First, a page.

Photo Credit: Molly Devore/The Badger Herald.
Yesterday, the Madison Transportation Policy and Planning Board supported a measure that would restrict the movement of the UW-Madison dining hall robots to the campus area. The measure will now head to the city council, which will decide if it becomes law.
The robots are owned by Starship Technologies, a company based in San Francisco. The company is voluntarily choosing to keep the robots on campus. But Assistant City Attorney Amber McReynolds says the city’s measure would protect the City from problems with other robots.
“The rationale for this ordinance is basically to codify the current informal operation that we have going on in the city,” says McReynolds. “While the current operators are being responsible and respectful, there’s no guarantees about what other operators might come to this city. Right now, without an ordinance, any company could come tomorrow and operate in the city. And without an ordinance, we wouldn’t be able to regulate that.”
McReynolds says that Mayor Satya Rhodes-Conway sponsored the ordinance rather than ban the robots entirely.
According to Jeff Novak, Director of UW-Madison Housing, there are currently 30 robots operating on campus, serving upwards of 200 students a day. He says students have wanted food delivered to their dorms for a while now.
Plus, he says, using the robots is cheap.
“It’s very affordable, with the $1.99 delivery fee,” says Novak. “And of course you don’t have to tip a robot.”
Novak also says that UW-Madison Housing wanted to start a delivery system for a while, but they couldn’t do it without the robots.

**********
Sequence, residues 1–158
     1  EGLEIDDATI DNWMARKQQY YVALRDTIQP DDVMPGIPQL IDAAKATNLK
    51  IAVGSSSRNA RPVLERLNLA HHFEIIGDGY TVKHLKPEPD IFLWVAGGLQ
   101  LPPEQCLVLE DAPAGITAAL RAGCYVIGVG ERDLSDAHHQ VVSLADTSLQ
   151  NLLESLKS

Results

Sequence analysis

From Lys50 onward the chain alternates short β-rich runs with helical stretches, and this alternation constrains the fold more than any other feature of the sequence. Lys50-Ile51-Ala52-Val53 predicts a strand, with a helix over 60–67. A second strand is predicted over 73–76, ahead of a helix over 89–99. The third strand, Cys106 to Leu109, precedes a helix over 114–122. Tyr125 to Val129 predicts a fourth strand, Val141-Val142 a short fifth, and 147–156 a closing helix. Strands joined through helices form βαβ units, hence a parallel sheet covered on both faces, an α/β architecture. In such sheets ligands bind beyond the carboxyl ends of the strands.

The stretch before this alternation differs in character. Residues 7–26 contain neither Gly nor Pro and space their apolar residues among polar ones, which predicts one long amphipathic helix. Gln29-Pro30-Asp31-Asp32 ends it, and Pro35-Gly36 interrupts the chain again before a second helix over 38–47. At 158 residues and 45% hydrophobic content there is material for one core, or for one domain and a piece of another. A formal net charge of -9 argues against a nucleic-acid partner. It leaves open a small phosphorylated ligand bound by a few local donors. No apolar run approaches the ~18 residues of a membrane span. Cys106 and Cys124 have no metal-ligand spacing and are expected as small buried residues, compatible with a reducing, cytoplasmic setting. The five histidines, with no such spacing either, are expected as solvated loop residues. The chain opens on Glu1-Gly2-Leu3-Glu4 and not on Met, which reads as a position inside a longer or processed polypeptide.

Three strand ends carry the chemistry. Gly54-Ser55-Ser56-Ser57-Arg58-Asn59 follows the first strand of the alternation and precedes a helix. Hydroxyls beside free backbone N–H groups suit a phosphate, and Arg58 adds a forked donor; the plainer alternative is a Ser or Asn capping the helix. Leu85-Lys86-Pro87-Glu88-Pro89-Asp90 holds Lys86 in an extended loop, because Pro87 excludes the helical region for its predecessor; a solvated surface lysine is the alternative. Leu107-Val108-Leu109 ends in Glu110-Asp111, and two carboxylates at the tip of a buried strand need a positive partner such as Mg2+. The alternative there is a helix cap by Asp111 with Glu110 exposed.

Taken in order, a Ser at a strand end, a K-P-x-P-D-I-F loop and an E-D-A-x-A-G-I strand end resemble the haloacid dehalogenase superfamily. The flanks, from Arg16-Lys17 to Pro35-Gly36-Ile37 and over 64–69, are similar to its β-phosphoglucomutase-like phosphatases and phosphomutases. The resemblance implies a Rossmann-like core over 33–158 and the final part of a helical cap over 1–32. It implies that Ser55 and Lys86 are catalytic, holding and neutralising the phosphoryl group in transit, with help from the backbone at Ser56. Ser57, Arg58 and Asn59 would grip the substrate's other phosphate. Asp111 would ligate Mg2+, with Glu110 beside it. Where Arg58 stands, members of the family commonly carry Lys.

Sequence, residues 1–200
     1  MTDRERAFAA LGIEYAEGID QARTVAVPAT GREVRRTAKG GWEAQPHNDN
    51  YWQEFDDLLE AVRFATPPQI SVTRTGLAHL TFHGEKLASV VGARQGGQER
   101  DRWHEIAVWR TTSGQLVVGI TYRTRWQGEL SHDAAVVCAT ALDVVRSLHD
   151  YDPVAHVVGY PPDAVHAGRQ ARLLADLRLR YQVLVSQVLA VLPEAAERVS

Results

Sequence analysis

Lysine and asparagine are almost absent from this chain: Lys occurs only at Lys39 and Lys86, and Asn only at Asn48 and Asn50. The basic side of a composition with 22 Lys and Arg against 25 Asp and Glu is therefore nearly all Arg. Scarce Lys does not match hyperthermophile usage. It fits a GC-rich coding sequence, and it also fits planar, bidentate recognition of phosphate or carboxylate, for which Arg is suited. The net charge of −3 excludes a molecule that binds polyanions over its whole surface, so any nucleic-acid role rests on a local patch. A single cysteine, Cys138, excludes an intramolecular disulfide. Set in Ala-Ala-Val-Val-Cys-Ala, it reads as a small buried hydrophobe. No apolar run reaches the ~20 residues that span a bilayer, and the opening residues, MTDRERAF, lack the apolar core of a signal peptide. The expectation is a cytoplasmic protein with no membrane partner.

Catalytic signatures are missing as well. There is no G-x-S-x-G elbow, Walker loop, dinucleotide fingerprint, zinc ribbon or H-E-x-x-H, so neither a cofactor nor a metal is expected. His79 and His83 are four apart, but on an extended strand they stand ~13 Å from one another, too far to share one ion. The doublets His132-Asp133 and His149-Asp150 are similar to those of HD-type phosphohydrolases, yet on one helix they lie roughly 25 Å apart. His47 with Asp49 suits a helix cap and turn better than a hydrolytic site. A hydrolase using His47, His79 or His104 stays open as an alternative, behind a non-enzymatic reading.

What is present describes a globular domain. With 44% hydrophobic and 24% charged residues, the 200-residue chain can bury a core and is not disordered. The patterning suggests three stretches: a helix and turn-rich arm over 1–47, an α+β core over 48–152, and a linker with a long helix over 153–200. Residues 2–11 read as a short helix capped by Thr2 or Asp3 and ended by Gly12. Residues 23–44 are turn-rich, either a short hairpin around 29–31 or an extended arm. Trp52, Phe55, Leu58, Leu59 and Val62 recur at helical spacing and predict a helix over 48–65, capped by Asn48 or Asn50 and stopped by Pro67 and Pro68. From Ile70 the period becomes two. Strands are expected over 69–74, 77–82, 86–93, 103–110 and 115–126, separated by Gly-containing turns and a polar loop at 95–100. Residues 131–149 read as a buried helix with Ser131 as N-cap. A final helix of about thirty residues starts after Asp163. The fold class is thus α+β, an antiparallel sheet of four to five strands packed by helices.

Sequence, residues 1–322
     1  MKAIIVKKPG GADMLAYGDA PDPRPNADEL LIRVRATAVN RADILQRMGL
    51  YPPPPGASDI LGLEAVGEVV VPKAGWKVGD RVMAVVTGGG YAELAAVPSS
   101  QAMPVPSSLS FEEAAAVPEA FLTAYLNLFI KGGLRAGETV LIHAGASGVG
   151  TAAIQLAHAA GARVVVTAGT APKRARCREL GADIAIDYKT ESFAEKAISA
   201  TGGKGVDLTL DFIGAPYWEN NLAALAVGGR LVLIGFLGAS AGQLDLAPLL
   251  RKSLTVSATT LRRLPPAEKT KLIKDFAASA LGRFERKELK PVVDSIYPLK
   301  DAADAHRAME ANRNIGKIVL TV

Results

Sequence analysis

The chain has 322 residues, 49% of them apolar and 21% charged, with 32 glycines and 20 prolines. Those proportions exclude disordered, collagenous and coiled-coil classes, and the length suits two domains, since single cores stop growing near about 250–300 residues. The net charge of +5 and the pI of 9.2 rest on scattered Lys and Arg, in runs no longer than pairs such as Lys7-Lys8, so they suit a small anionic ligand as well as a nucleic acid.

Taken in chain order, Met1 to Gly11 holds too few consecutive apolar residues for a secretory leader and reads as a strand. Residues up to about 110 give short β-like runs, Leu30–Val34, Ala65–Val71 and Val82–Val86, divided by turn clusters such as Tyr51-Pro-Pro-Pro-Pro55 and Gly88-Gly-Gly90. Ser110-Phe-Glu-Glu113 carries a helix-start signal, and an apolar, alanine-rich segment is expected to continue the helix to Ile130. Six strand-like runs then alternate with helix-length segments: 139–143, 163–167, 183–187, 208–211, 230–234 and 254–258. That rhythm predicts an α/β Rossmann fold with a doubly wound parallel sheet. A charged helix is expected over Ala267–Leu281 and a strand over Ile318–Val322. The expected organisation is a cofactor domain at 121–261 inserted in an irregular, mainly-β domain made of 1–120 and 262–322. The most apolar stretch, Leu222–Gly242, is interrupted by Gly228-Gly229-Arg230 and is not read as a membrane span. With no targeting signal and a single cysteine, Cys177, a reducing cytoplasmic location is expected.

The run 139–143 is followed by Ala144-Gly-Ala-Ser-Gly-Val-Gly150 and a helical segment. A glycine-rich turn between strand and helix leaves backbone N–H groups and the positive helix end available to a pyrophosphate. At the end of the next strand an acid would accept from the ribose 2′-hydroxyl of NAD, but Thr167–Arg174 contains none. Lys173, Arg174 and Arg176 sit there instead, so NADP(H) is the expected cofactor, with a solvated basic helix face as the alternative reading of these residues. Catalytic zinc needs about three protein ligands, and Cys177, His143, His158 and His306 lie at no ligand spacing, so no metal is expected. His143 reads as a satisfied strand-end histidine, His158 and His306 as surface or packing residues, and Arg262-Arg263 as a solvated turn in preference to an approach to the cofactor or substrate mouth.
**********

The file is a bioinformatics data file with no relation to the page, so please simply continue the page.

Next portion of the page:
“We tried the delivery service a few years ago and could not get people to come and take those jobs,” Novak says.
Wisconsin law currently prohibits delivery robots from using municipal streets, but doesn’t ban them from sidewalks.
While the ordinance would ban delivery robots from city sidewalks, they would be permitted on city crosswalks that connect dorms. The city traffic engineer could permit or restrict the use of certain routes due to construction or other road closures.
According to Yang Tao, the City of Madison’s traffic engineer, nobody has complained about the current delivery robots. However, he worries that problems could arise if other tech companies try to do the same thing in the downtown area.
“If lots of other folks, especially small organizations or individuals want to deploy them in other parts of the city I think it’s going to be more concerning, so we’re probably going to hear more complaints from the public,” says Tao. “The type of complaints we would expect would be the conflicts between these devices and pedestrians. We observed some operations of the devices on the UW campus and city streets near we found the way UW is operating it, they’re very mindful in dealing with pedestrians, making sure everything is safe.”
Novak says the university has no plans to expand the program beyond the campus area.
The Transportation Policy and Planning Board recommended the ordinance unanimously. It now goes before the full City Council for approval.